23 September 2011 – The bar for sustainable property reporting world-wide just got higher, thanks to the new reporting guidance for the property construction sector released today (Thursday) by the highly regarded Global Reporting Initiative.
According to Steve Driscoll, director of sustainability and policy for Landcom, who was one of two Australians on the two-year working group, along with Maria Atkinson, global head of sustainability for Lend Lease, the reporting framework has also become more transparent, and probably fairer.
In an interview with The Fifth Estate, Driscoll explained there were eight new “commentaries” or reporting topics introduced. These include carbon emissions, management and remediation of contaminated land, and sub-contracted labor issues.
The process involved starting with the general commentaries for reporting.
“We then tinkered with upwards of 40 commentaries to get them to say something important and relevant to property an then introduced another eight,” he says.
According to Driscoll the GRI had reached its general reporting framework, G3.1 during the working party and has now released the latest version G4.
“These are, as the name suggests, general…but they don’t go deep enough into our sector,” Mr Driscoll said.
The GRI has completed a sector specific framework for the financial industry, airports and footwear and apparel and utilities. The property sector report is the latest addition in the evolution.
So what will the GRI now look at more closely in relation to property?
Product and service labelling, including building and material certification, for a start. What’s a star worth, for instance; what does it actually measure?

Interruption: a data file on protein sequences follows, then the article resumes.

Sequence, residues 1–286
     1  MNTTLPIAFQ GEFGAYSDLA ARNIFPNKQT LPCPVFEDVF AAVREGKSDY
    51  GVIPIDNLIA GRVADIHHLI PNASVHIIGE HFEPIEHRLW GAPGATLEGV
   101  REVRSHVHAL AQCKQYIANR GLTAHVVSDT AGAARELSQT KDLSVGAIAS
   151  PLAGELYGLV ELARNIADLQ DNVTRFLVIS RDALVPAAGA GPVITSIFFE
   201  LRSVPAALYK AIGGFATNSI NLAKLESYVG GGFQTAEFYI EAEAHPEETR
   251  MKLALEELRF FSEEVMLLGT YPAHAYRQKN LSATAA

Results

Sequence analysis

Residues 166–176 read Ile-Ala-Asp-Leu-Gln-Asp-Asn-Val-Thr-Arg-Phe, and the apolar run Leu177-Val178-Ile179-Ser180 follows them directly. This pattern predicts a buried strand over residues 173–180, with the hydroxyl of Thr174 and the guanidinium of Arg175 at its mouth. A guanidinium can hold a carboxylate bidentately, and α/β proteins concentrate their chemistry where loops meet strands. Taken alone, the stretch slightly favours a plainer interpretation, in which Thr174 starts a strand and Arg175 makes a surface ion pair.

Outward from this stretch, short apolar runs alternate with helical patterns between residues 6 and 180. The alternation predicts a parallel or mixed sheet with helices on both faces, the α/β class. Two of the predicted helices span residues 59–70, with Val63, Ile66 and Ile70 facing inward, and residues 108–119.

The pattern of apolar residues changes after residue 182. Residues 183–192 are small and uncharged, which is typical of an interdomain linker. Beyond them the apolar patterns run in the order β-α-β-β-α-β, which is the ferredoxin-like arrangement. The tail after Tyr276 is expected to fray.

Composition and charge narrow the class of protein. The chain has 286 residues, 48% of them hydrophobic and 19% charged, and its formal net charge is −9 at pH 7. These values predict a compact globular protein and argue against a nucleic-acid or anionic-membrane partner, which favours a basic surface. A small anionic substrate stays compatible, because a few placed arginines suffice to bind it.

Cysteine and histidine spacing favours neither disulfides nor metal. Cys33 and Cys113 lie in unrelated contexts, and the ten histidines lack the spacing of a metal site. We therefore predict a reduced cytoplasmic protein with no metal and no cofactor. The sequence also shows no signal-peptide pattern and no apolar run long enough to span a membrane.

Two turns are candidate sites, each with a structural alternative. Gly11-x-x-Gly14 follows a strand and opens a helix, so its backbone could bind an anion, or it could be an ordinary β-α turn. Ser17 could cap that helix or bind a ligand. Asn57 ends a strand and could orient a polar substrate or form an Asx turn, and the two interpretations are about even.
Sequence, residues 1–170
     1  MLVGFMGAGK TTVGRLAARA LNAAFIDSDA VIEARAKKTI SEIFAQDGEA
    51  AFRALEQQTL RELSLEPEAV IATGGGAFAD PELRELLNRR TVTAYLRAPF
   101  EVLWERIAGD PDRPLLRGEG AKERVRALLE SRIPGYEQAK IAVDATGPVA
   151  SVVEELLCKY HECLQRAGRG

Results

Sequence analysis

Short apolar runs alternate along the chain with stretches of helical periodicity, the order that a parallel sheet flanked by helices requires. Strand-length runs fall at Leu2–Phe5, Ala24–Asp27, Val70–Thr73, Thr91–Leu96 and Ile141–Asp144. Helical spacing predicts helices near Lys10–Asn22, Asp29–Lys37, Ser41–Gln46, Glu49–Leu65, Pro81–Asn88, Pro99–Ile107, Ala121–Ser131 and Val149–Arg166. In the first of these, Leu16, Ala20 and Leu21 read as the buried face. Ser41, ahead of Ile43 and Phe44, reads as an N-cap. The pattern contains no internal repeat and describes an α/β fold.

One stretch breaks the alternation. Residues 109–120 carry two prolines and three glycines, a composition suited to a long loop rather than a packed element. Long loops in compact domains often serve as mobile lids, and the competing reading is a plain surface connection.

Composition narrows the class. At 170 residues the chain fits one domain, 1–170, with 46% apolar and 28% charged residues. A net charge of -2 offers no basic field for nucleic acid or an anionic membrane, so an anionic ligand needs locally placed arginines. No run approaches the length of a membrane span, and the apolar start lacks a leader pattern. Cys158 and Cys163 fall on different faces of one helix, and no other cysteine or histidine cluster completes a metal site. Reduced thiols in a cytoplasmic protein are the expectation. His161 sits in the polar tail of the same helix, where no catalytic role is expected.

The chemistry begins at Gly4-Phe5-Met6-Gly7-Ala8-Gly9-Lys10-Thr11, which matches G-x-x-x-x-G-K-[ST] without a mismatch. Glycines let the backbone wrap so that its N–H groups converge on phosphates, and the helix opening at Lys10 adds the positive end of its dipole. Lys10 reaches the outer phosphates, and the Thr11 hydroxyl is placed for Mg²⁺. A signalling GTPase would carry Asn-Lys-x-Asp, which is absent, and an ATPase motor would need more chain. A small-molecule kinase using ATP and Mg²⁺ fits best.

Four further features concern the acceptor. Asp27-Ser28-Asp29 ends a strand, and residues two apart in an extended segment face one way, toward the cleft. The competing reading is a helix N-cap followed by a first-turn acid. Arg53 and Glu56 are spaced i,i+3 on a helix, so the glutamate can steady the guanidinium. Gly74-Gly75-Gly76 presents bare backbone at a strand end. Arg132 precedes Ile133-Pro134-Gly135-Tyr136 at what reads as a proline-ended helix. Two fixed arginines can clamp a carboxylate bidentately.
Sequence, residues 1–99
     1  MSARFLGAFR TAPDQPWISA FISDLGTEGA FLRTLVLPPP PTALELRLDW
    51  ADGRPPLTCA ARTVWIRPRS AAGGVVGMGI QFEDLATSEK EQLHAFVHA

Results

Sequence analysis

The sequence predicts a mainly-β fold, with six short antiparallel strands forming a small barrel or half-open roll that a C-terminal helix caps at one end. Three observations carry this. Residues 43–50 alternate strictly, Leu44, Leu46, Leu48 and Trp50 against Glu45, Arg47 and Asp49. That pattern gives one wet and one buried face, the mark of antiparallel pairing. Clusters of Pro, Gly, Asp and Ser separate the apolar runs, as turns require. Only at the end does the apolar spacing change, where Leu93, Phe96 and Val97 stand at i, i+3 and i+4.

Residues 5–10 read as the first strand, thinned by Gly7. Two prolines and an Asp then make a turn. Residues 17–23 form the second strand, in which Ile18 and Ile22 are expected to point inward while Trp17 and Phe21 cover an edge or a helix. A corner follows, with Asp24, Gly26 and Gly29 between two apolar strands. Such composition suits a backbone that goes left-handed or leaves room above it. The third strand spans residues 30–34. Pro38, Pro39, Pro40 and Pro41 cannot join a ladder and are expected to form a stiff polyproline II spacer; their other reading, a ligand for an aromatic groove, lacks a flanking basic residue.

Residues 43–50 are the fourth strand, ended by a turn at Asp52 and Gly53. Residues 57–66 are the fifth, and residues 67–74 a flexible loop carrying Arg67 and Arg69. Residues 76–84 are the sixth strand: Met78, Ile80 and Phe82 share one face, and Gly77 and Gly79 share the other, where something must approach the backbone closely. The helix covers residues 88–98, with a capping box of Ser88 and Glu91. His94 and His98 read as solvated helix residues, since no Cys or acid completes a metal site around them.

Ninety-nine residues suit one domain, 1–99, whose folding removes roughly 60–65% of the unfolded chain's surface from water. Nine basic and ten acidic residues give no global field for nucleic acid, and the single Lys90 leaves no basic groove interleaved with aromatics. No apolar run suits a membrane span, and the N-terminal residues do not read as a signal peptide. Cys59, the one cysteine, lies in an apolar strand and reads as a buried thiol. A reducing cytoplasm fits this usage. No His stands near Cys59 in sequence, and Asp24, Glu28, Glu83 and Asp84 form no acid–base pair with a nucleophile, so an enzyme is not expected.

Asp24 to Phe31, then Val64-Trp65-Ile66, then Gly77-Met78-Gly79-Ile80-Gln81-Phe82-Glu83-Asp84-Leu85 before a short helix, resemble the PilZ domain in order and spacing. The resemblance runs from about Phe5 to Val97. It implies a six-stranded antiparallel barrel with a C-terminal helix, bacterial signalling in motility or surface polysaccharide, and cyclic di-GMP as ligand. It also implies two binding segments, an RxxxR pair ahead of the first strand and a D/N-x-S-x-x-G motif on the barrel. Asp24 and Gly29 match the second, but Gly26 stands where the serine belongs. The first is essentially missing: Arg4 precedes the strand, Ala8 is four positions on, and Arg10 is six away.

“The GRI doesn’t pick a winner,” says Driscoll. “It says if you are claiming some sort of outcome with star ratings, then disclose what your level of performance is in relation to that.”
Australia is pretty good at this, he says, but the rest of the world is very patchy by comparison.
Another of the new criteria is building energy intensity, water intensity and CO2 emissions and the GRI is ” very concrete and very definitive about calculating that.”
The common carbon metrics being devised by the United Nations Environment Program is looking to harmonise the way carbon is measured, a process Driscoll thinks will be finalised soon.
Water is fairly easy as long as there is a meter, and it’s the same for energy use, but a more complex issue is “whose carbon is it?”
Labour and health issues will be particularly relevant for companies operating in developing countries or unstable environments such as war zones.
But these issues can also hit closer to home.
“You can be doing a wonderful eight star building but if it’s furnished with materials made in a sweat shop in Thailand then you should disclose this.”
Some of the more challenging commentaries are around labour issues, says Driscoll. Do the indicators call for disclosure of “near misses” for instance. If not dangerous labour practices can go undetected in the reporting framework, he says. It means that a company that does disclose this may be penalised in the view of the reporting results, against a company that does not.